I know firsthand what it’s like to lose a patient, I cannot remember any of my patients that left the OR and made a full recovery from their treatment, the dead though? I remember those. All of those, their names, what they looked like. I couple them with levels of high stress, guilt, anger and emotional distress and in some cases, utter heartbreak. I haven’t done CPR on anyone and not broken most of their ribs, I have had my hands, deep inside a patient, around their aorta, trying to stop a patient bleeding to death while helping a surgeon, likewise; I sat and held the hand of a dying man while he told his son how much he loved him on the phone, and how proud he was of him. Sadly, not being able to be by his father’s side in the final moments. The man looked at me square in the face with some form of clarity as he faced his own mortality, he thanked me for being there and that it meant everything to him, and it meant everything to me. I hope that I made up for his son’s absence. It’s these things that stay in my mind, that keeps me focussed, charged and driven to be the best person I might be.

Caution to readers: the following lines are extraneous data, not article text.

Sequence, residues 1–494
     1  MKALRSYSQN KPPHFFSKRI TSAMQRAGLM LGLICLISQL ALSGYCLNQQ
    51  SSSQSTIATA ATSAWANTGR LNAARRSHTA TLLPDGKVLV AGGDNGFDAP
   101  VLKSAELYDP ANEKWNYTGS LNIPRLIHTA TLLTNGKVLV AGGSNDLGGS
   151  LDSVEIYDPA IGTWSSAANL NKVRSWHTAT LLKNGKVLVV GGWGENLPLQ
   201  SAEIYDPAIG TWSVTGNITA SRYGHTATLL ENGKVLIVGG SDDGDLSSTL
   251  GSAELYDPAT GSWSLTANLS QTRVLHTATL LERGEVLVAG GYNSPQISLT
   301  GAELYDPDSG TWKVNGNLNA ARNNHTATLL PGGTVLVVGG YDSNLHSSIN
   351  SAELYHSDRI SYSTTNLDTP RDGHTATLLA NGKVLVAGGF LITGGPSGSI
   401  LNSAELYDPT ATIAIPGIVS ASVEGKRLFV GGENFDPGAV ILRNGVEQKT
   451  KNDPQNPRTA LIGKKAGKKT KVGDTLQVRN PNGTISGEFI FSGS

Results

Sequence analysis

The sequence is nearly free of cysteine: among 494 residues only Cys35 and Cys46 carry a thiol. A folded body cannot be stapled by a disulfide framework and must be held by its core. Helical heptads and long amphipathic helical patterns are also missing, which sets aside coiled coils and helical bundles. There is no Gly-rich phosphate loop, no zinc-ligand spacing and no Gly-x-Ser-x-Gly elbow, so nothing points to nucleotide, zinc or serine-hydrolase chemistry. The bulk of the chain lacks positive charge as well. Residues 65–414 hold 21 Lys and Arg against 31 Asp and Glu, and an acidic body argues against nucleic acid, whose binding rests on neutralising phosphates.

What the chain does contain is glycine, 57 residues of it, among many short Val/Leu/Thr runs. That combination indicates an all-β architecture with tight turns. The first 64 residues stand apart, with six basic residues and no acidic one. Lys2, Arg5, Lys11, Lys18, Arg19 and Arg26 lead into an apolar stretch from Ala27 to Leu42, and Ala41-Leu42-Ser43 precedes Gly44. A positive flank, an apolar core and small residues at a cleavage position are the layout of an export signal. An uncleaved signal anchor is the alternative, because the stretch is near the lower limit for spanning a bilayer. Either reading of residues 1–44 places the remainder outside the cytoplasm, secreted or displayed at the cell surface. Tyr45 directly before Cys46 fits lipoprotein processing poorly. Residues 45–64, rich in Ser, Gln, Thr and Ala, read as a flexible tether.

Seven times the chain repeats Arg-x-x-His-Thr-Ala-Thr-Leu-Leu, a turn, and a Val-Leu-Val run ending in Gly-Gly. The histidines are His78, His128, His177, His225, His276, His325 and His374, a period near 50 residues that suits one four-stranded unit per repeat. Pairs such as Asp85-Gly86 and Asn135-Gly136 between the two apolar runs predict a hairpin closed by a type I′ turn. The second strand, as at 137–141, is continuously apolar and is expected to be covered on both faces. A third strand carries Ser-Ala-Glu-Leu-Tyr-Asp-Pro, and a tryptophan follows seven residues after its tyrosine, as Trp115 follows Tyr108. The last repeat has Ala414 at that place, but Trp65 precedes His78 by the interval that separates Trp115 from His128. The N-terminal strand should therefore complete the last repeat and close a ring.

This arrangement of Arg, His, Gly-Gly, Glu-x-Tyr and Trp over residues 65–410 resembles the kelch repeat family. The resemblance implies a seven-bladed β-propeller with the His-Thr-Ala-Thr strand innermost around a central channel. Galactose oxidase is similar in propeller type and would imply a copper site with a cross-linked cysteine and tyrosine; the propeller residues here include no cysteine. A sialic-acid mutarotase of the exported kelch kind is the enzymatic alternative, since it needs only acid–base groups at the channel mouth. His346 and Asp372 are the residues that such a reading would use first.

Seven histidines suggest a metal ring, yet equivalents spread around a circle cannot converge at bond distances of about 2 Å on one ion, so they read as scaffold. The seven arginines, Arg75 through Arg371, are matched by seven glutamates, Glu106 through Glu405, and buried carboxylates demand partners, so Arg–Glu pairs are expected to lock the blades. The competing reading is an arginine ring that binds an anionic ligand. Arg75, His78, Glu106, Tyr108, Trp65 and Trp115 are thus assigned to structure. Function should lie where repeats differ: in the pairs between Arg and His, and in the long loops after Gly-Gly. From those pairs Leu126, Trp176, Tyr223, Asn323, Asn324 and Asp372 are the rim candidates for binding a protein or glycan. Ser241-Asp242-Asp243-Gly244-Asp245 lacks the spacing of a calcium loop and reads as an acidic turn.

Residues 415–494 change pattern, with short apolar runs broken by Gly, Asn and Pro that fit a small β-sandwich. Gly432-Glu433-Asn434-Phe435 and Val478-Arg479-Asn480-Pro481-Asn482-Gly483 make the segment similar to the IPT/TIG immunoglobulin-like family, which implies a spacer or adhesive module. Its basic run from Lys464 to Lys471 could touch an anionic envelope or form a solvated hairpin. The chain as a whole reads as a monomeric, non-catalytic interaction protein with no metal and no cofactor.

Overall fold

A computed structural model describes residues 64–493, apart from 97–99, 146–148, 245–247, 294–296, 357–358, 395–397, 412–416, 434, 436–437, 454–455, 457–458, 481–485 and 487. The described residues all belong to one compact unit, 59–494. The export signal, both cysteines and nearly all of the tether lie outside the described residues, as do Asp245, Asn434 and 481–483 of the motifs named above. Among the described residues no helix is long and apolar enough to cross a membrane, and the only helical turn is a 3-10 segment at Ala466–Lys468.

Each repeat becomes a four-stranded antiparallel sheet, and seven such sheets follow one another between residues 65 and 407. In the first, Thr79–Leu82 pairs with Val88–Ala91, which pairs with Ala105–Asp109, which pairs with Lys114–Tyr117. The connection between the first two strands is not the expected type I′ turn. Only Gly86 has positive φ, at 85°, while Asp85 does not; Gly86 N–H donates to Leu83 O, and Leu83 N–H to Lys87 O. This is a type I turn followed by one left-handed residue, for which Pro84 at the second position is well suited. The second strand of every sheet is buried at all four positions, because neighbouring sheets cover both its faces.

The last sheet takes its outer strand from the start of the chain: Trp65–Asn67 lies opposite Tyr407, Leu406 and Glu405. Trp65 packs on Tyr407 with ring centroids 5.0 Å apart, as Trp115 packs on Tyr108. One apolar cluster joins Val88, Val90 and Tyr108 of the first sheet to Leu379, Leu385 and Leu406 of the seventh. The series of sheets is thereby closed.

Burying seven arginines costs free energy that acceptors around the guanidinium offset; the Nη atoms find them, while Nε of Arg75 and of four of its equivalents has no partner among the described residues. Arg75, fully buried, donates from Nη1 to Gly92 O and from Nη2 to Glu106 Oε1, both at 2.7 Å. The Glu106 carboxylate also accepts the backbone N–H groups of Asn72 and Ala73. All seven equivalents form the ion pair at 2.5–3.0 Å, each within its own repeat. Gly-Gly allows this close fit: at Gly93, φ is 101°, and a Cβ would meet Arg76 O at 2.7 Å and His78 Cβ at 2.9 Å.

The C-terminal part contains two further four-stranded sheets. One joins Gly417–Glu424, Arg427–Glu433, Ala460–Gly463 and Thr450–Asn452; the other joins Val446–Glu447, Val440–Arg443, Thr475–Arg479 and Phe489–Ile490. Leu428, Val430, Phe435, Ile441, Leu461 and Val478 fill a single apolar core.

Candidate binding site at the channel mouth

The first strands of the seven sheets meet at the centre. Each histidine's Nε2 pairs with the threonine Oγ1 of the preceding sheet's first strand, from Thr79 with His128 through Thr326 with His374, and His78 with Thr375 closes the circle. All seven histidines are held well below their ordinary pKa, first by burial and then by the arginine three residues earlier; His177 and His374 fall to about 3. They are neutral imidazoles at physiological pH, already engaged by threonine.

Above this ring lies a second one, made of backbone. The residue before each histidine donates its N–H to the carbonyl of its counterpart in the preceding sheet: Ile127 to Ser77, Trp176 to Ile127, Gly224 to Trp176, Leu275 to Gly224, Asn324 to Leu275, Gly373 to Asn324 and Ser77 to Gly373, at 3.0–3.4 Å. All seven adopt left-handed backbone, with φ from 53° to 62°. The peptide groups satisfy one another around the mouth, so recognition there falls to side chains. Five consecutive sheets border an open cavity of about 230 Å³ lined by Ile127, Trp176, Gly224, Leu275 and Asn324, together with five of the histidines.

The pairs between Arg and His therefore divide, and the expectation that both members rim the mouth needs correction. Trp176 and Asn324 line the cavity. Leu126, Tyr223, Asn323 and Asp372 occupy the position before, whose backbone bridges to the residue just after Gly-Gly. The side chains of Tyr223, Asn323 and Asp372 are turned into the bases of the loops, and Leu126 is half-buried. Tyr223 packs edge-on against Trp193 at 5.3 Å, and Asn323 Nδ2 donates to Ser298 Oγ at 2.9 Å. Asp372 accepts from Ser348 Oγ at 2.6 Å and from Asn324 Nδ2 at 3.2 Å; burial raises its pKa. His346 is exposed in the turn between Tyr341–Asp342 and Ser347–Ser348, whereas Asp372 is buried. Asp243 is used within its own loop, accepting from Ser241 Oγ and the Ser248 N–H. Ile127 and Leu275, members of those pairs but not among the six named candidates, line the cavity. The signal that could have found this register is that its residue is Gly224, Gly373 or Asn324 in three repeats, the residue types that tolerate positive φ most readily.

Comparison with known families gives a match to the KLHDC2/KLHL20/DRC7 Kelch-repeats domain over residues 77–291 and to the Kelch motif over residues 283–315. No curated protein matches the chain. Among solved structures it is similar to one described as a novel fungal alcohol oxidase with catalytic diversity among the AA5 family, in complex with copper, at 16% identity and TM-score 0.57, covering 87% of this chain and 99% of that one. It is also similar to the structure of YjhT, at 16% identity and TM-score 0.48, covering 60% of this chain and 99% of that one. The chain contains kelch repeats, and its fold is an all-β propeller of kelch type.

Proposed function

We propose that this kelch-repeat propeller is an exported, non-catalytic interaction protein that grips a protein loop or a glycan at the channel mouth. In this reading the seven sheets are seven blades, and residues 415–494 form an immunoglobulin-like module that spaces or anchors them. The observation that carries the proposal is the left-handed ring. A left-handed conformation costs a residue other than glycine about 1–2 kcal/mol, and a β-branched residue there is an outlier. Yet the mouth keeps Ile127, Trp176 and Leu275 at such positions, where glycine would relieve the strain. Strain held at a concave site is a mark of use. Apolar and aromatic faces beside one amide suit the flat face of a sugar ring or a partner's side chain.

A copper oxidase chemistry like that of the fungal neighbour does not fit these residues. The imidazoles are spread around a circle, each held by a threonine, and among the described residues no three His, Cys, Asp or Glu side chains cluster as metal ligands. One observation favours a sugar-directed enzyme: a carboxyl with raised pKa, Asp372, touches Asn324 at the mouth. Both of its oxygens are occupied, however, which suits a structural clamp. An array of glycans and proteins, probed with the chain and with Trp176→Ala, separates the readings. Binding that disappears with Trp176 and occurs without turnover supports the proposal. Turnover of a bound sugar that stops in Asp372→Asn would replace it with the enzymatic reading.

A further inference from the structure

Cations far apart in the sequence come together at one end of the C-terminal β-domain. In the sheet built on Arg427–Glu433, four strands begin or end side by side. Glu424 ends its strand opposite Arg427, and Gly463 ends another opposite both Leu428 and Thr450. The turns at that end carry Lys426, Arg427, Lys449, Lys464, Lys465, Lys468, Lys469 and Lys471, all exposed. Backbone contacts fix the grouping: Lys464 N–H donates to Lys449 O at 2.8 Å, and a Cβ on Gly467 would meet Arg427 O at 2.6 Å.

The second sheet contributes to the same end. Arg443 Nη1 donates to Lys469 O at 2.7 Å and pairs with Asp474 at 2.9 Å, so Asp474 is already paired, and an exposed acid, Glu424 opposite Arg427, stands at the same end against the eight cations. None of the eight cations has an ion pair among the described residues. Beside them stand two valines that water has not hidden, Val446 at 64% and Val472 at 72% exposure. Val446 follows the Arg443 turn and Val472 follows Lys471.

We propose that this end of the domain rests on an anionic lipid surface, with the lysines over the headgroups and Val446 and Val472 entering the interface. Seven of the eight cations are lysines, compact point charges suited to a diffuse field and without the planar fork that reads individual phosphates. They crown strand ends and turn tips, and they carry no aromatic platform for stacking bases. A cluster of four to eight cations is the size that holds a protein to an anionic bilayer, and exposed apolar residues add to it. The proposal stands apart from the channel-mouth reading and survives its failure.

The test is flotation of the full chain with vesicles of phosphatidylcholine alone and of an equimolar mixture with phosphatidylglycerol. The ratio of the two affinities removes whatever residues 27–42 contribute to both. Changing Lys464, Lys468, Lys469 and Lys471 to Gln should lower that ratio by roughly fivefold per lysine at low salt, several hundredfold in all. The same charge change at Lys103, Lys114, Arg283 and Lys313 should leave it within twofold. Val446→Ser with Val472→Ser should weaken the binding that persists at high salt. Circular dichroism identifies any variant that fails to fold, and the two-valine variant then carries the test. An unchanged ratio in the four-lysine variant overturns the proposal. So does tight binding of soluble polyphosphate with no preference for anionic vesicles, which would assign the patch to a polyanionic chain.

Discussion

I also can remember the first time that someone tried to kill me, the sound, the energy, the stones being flicked into my eye from the ricocheting bullets, the twenty litre can of water being tossed into the air as 7.62mm rounds slammed into either side of me, I remember I was about to be mortared, and when the first one came into my base, I watched glass almost bend concave slowly as the blast swept through the base until the glass surrendered and smashed to a thousand pieces. Why did I survive while others didn’t? I have no idea. I have many friends that are not with me today, dead from enemy action, or even the biggest killer, the enemy within. These voices I have, as does most of us that have walked that path, I am not immune to the label of complex-PTSD, I won’t affirm to like it, but there it is.